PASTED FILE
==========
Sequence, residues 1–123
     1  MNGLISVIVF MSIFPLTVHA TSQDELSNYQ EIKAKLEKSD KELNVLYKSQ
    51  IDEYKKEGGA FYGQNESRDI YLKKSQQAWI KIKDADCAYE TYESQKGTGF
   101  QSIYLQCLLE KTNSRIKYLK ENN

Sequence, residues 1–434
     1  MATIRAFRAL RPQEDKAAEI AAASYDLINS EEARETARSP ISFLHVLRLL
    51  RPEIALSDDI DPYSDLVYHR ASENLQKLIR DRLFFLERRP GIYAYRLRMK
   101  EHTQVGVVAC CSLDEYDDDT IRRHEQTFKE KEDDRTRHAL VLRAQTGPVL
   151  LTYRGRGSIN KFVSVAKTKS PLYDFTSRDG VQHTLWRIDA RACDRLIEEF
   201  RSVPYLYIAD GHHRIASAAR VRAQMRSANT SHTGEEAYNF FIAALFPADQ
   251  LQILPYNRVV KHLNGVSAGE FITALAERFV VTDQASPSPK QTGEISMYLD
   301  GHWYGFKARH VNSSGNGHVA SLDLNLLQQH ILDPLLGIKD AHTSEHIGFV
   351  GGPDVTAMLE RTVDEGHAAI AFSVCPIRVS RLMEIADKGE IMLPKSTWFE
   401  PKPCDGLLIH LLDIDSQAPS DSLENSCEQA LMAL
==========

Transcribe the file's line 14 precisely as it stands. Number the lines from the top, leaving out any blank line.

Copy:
   401  PKPCDGLLIH LLDIDSQAPS DSLENSCEQA LMAL